Alluding to the importance of looking at challenges from a different angle, His Holiness noted that when a tragedy occurs it may provoke frustration and anger in you, but it may also provide you new experience and insight that strengthens your determination. He cited events from his own life, that he lost his freedom at the age of 16 and lost his country at 24. On the one hand it was sad, but on the other it liberated him from what he considers useless formality and enabled him to meet many different kinds of people from whom he has learnt a great deal about the oneness of humanity.

After he had attended an invited lunch with Mayor Franc Kangler, about 2400 gathered to hear His Holiness deliver a public talk on Cultivating Peace of Mind. Commenting on the greater maturity of people in the latter part of a twentieth century, a period during which many people regarded war as unavoidable, His Holiness remarked that great changes had taken place since the fall of the Berlin wall. The ideological conflict of the Cold War came to an end. People began to take much greater interest in preserving the natural environment and acting to stop climate change. Meanwhile, among religious communities there is a much greater acceptance of other spiritual traditions. Therefore, he feels quite optimistic.

Once again His Holiness praised our marvellous human intelligence, the sharpness of mind that enables us to think things through and analyse them. Analysis allows us to judge which of our emotions favour a calm mind and which disrupt it. Through analysis we can come to understand that fear, anger and jealousy undermine our peace of mind, while cultivating a more compassionate attitude to others boosts our self-confidence, which in turn supports a calm mind. Scientists have found that peace of mind is good for our physical well-being, while afflictive emotions like anxiety and suspicion eat into our immune system.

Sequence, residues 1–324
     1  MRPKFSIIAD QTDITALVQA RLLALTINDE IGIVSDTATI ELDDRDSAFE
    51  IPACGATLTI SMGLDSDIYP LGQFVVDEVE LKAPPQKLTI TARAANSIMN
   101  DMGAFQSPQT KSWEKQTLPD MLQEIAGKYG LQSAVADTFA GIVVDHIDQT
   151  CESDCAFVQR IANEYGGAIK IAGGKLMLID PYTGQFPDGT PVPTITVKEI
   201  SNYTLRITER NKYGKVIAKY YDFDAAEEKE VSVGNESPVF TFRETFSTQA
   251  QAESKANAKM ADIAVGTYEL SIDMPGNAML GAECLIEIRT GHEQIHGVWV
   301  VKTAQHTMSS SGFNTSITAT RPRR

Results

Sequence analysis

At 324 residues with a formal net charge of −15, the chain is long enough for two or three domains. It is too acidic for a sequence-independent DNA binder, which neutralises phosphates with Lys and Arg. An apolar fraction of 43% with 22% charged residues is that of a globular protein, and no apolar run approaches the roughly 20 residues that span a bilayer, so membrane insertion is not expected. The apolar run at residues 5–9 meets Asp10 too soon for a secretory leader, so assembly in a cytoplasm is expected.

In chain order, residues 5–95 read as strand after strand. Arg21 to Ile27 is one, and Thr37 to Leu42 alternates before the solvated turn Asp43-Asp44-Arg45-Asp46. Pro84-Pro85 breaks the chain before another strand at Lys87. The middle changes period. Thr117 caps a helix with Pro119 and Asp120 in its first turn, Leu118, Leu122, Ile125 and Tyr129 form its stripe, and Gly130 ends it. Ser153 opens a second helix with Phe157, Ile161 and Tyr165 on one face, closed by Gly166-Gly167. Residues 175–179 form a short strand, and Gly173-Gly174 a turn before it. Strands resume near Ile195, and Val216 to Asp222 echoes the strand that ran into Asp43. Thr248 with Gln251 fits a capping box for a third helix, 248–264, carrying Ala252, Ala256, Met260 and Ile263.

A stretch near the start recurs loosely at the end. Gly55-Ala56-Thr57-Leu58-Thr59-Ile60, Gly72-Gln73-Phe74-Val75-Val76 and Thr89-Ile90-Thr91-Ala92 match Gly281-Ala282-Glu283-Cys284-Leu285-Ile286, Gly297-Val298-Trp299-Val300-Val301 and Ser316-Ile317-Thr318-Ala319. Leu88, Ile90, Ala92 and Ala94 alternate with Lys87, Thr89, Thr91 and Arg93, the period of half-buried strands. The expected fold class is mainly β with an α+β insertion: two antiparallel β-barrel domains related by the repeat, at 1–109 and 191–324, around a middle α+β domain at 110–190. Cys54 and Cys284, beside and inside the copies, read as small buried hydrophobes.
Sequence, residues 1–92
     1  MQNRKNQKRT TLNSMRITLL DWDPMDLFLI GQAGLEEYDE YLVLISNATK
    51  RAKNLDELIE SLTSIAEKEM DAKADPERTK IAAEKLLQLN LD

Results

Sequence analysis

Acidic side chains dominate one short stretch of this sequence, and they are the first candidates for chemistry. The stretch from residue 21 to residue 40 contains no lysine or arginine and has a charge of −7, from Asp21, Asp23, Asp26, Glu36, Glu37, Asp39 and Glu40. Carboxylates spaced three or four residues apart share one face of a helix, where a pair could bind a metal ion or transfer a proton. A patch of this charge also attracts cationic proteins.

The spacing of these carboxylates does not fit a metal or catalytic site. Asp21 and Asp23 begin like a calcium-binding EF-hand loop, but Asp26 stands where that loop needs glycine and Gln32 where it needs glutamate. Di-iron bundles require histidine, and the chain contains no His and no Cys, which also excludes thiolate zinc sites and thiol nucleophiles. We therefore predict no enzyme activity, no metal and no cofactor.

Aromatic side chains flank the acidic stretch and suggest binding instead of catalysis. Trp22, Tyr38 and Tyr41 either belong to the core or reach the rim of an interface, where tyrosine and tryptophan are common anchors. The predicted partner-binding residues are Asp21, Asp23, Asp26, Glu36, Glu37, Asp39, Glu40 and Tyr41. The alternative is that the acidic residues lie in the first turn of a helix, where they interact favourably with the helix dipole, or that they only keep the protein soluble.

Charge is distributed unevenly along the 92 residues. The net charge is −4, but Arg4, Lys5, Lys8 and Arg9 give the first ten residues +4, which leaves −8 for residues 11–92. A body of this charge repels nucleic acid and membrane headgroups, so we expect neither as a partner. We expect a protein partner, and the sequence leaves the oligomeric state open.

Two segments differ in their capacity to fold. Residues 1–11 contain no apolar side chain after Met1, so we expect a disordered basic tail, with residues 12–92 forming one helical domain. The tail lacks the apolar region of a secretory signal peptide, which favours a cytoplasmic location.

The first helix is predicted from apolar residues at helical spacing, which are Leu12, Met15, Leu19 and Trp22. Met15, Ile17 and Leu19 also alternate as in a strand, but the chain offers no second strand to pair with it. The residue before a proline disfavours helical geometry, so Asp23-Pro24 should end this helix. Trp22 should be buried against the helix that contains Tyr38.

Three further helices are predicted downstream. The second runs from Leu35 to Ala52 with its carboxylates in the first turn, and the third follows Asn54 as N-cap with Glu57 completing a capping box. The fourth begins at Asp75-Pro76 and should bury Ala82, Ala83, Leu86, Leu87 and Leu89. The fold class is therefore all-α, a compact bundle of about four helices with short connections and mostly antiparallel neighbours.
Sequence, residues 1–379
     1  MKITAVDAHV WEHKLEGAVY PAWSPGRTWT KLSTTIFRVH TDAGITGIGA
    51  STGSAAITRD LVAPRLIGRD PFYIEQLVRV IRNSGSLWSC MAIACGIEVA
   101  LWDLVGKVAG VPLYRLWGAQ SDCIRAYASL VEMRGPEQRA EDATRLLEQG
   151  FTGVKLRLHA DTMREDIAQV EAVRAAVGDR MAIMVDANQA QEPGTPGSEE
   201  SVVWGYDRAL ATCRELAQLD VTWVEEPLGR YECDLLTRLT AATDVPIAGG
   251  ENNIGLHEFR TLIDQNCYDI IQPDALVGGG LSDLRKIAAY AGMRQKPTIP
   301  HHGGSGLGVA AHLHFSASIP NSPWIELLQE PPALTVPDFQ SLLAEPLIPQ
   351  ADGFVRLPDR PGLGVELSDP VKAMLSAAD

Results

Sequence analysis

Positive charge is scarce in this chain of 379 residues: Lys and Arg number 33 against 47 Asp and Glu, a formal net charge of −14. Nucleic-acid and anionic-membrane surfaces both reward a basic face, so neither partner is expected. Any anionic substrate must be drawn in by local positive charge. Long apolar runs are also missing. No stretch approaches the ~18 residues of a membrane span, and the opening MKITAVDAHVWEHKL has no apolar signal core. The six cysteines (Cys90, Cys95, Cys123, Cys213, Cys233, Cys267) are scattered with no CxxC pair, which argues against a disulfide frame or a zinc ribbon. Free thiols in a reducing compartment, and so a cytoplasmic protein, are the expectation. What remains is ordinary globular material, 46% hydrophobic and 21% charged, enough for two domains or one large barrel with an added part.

His Holiness the Dalai Lama greeting the audience before his public talk "Cultivating Peace of Mind" in Maribor, Slovenia, on May 16, 2012. Photo/Tenzin Taklha/OHHDL
When it comes to discussing the moral principles that reinforce our ability to develop a calm mind His Holiness says he likes to take a secular approach. This is because a large proportion of the world's 7 billion people have little interest in religion and even those who profess to be religious are little affected by it in their day to day lives. At the same time humanity is facing many problems that are a direct result of our lack of moral principles, which is why presenting ethics in a secular context is so important.

His Holiness urged those who will come of age in the twenty-first century to create a better world by cultivating vision, determination and enthusiasm. While he admitted that the UN, political leaders and the clergy may not be able to do much to change the world for the better, His Holiness stressed the need for individuals and smaller nations to seize the opportunity to create a more peaceful, more equitable world. “Don't give in to helplessness or hopelessness” he said, adding, “Every one of you can make a contribution. I may not live to see the results of your efforts, but you surely will. “

Many individuals came forward to ask His Holiness questions, one young woman beginning by thanking him for showing the goodness of smiling and laughter.

Tomorrow His Holiness is to join several other Nobel Peace Laureates to discuss Why we need dialogue and solidarity in the global crisis? at the National Theatre, Maribor, before travelling to Klagenfurt, Austria in the afternoon.